- Testing the Ribcraft 9.5m Cabin is pretty much a foregone conclusion, insomuch as it is built on a renowned pedigree hull.
- Everything is overengineered to comply with Lloyd’s regulations, so wherever you look the standard of fit is of the highest level.
The new 9.5m Cabin RIB from Ribcraft is a wheelhouse planing craft with multiple custom options, drives like a dream and is the product of a company with a fine pedigree. Greg Copp wonders what’s not to like …
In the world of British RIBs, Ribcraft need little introduction. Founded in the 1980s when the RIB revolution was in full swing, this Yeovil-based yard has supplied high-quality pleasure and commercial RIBs worldwide. Their new 9.5m Cabin, like many good offshore RIBs, is based on an existing design ‒ in this case their long-standing formidable 9m, whose deep-vee hull is still one of the best in its class.
The 9.5m Cabin is an immensely strong boat, built with a cross-linked inner matrix, producing a lattice-like construction below deck. She has a commercial hand lay-up, right out to her extended tube flange, creating a boat of immense strength for its size. The 9.5 Cabin has a DNV plan-approved hull that also meets Lloyd’s regulations and is constructed using the latest generation of composites throughout. The tubes are bonded to the hull over the extended tube flange, giving them superior bonding strength between tube and hull to conventional flanges. The end product is a strong hull and sponsons that meet MCA approval for coding ‒ in this case CAT 3 for passages up to 20nm offshore during day or night. The tubes are manufactured by Ribcraft with Hypalon 1670 Dtex, then clad in 3mm Neoprene and enclosed with a ‘snag-free rubbing strake’.
The boat featured is a fisheries protection vessel and is designed specifically to meet the client’s individual operational requirements. The customer wanted a boat that would provide a comfortable working platform for the crew along with all-weather protection for year-round usage. The wheelhouse is Ribcraft’s latest design, offering ‘Clear Vision’ by using frameless reinforced windows served by some serious ‘full-frame windscreen wipers’. These windows give the interior of the cabin an increased sense of space and light, as does the small sunroof – which it does need. The wheelhouse is fully insulated and lined, and has an Eberspächer heating system, an on-board toilet and two full-size shock mitigation seats. I did feel that it was a touch on the cramped side for more than three. If you do have just three on board, one crewmember has to sit on the smaller rear sprung jockey seat, which pales in comparison to the enticing armchair-like seats that the helmsman and navigator enjoy. Space is naturally limited on a 9.5m cabin RIB with a toilet compartment, so one really has to limit the crew to three on long passages ‒ or build the boat with a longer wheelhouse in the first place.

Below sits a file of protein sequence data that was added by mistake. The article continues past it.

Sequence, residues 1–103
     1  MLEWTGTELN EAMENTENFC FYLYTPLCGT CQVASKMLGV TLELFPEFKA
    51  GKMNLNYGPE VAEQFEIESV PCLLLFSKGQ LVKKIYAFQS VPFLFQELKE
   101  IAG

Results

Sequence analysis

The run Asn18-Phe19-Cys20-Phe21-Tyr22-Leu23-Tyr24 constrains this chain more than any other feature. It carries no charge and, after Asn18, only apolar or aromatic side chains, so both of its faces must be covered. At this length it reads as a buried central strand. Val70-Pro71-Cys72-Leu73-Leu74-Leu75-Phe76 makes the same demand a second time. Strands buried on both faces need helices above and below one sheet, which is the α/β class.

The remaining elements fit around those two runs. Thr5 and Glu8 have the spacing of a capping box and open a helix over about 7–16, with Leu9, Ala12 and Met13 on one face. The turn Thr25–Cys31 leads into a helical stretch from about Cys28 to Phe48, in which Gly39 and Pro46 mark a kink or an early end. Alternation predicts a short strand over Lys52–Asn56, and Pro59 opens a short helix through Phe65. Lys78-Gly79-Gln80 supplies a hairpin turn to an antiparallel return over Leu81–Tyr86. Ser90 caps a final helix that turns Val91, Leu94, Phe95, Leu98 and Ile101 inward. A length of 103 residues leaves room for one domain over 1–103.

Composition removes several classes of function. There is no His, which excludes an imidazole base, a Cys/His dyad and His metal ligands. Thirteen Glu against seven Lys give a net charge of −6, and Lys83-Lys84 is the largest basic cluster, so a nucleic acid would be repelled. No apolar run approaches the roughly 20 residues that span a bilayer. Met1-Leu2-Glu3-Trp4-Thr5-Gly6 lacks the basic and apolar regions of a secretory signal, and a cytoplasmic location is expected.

The options list for the 9.5m Cabin would make an article in itself, as no two end-users are likely to be the same. This particular boat had a large sonar panel on the coachroof, amid the life buoys, radar dome, navigation lights and a selection of antennas. Air conditioning, not too surprisingly, is on the list, as are FLIR thermal imaging cameras, which if you have ever used you will want ‒ just don’t opt for the ‘lower-end’ optics as it is certainly a case of ‘you get what you pay for’. If you are a member of the blackened-face brigade, then ‘ballistic protection’ is something else to consider, though I imagine it applies to the wheelhouse and not the hull and tubes.
The gelcoat finish is typically of a very high standard, as are all the hatch fittings and the engine rigging. The splash well, which houses a 2000gph bilge pump, a smaller sentinel bilge pump and two Samson posts, matches the clinical neatness and practicality of the two opposite hatches on the outside of the wheelhouse containing the primary fuel filters. If you need to go forward, the rubber non-slip side decks are complemented by full-length roof rails.